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Tri States Public Radio Staff
Talk of the Nation
Monday through Thursday, host Neal Conan invites callers to discuss areas of topical interest, including politics and public service, education, religion, music, and healthcare. Talk of the Nation goes behind the headlines with decision-makers, authors, thinkers, artists, and listeners around the world, who become part of the conversation by calling 1-800-989-TALK.
Each Friday, journalist Ira Flatow is joined by listeners and studio guests to explore science-related topics -- from subatomic particles and the human genome to the Internet and earthquakes. Flatow offers in-depth discussion with scientists and others from all walks of life, giving listeners the chance to hear from the people whose work influences their daily lives.
Tuesday, May 21, 2013 12:00pmApple CEO Timothy Cook made a rare appearance on Capitol Hill on Tuesday, testifying after congressional investigators revealed that Apple avoided billions in taxes. The New York Times' Charles Duhigg and guest host Jennifer Ludden talk about the tax code and the digital economy.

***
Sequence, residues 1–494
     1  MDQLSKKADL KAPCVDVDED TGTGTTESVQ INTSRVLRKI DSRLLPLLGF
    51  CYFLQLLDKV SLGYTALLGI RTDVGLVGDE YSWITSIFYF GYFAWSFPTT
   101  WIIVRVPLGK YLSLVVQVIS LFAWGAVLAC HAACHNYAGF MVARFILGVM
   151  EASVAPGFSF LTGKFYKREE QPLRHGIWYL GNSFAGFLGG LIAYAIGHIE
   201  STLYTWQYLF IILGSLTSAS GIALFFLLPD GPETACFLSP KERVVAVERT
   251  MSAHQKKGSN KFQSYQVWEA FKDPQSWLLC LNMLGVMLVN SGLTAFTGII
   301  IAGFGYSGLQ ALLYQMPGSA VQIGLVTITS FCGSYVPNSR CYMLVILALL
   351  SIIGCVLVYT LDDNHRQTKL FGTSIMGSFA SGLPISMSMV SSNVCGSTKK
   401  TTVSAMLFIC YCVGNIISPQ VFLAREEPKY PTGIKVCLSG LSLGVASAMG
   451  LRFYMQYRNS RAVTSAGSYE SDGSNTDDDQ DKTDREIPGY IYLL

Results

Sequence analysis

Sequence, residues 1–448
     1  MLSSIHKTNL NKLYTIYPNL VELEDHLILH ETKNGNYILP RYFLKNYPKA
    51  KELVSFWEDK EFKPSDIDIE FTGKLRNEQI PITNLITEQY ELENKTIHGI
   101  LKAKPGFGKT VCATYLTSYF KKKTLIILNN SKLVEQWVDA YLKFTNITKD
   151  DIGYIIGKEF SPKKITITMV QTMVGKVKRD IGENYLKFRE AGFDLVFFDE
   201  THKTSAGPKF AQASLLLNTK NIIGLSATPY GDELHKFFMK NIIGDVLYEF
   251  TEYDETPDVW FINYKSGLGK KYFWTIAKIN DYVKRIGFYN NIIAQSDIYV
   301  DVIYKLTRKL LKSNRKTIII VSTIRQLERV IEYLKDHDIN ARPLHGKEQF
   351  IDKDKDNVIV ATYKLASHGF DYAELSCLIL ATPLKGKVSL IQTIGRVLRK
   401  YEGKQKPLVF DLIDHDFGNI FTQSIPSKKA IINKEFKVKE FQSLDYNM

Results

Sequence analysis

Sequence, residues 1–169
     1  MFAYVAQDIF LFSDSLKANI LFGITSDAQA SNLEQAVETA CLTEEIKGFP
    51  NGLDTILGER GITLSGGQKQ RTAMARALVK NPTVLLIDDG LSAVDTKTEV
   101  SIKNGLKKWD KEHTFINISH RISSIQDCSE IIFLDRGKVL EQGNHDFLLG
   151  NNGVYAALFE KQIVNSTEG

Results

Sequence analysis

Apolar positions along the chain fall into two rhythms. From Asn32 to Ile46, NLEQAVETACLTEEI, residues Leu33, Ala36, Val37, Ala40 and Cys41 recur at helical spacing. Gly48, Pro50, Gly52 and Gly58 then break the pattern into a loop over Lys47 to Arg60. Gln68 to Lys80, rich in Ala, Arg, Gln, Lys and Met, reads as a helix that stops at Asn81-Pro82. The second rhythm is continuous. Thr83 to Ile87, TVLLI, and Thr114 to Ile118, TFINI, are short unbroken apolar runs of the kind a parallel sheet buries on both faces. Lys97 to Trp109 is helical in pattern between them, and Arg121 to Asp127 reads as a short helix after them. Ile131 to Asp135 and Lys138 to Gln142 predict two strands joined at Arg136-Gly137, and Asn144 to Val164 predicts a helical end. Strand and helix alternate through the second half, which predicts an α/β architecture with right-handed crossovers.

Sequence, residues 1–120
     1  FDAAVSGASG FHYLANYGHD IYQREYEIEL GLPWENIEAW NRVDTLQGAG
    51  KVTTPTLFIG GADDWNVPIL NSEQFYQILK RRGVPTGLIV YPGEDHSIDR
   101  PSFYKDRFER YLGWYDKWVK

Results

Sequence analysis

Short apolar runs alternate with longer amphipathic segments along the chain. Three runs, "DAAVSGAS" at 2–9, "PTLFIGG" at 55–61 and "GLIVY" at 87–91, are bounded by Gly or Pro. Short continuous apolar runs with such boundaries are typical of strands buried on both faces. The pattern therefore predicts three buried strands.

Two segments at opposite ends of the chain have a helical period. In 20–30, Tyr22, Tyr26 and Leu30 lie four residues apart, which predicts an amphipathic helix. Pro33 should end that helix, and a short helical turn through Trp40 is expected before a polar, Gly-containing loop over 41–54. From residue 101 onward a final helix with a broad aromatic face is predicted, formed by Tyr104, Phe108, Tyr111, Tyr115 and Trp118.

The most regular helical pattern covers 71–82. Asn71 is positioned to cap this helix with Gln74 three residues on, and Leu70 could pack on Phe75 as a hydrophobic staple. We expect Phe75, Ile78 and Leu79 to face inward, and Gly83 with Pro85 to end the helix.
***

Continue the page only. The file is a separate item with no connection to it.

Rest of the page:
Tuesday, May 21, 2013 12:00pmMonday's tornado tore through parts of Oklahoma City at 200 miles per hour and killed at least 24 people. Many more are missing orinjured. Guest host Jennifer Ludden talks to KOSU reporter Michael Cross and to meteorologist Paul Douglas about why it's so hard to track tornadoes.
Tuesday, May 21, 2013 12:00pmThe National Transportation Safety Board has recommended reducing the legal limit for blood alcohol content for drivers from .08 to .05. Critics say it won't significantly help prevent drunken driving. Guest LZ Granderson argues that without more checkpoints, a lower threshold would do nothing.
Tuesday, May 21, 2013 12:00pmGraduation season is upon us and that means a slew of uplifting commencement speeches trying to motivate young adults to greatness. Science and experience tell us that everyone is motivated differently, so how do speakers, coaches and business managers inspire people?
Monday, May 20, 2013 12:00pmAs the populations in big cities increase and more people choose to live alone, a new trend of living in very small spaces has emerged. But the tiny living movement is not without controversy as growth of these multi-unit buildings puts pressure on established neighborhoods.